2017 will be the pivotal year for the relationship between customer and company.
Consumers are telling companies they want a value-added experience – whether they are considering a purchase or just looking for information. Companies are hearing this and asking customers to let them know more about their desires and behaviors.
Among my predictions:
- Trust will define the comfortable “handshake” between customers and companies;
- Businesses will need to help consumers – in a friendly and trustworthy way – learn what personal information they can be comfortable sharing; and
- Consumers will welcome progressive user profile building as a less intrusive approach;
- Privacy laws, such as the European Union’s General Data Protection Regulation (GDPR), will have a wide-ranging impact on how companies handle customer data, and ultimately lead to better trust-based relationship with consumers.
Here at Gigya, we have more than 700 businesses relying on us for their customer identity management needs. Big names such as the Fox and Turner media properties, consumer brands like Nestle, Kimberly-Clark and Bristol Myers, and even non-profit organizations like the American Cancer Society. What all these companies have in common is need to connect with consumers.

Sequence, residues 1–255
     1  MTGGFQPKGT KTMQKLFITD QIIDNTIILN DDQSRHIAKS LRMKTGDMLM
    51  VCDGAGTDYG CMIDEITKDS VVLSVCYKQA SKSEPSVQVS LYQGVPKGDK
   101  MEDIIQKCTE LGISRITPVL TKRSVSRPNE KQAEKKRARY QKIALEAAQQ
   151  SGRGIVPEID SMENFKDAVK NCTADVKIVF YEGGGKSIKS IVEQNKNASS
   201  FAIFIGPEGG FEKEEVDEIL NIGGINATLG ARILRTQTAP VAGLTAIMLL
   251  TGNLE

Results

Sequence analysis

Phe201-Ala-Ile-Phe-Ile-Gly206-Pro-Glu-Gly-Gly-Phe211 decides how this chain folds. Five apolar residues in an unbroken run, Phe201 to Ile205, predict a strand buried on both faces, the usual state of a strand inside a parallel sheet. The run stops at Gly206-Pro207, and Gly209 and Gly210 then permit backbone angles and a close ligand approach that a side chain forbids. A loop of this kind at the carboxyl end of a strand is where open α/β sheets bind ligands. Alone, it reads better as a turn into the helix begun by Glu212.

So to take the points individually:
Customer identity must become a central part of your marketing technology stack if you are going to establish durable relationships between consumers and your brand. A certain large consumer packaged goods (CPG) company overcame the challenge of siloed and inaccessible data by implementing a common registration and authentication platform for all of its products, which spanned about 1,500 websites. Today, that company knows every product a particular consumer buys and can up-sell and cross-sell easily.
The next three predictions merge, because ”progressive profiling” grows from consumer consent, which implies trust. Consumers may come to your website once as anonymous shoppers, but are likely to return because they had a good experience and believe that you know them.
By gradually asking questions that will help you to know customers: age, gender, phone number, income, product preference, family status, you are building a relationship with your customers over time that enhances trust.
Lastly, 2017 is the right time to look at whether your business is prepared to comply with the European Union’s General Data Protection Regulation (GDPR), set to take effect in May 2018. GDPR includes provisions that give consumers broad rights to privacy and limits the distribution of personal consumer information without obtaining specific user consent.
The GDPR is going to influence every business or stakeholder on the planet that processes personal data belonging to anyone in the European Union. It truly is a game-changing piece of legislation, and you can read more about it here.
By Patrick Salyer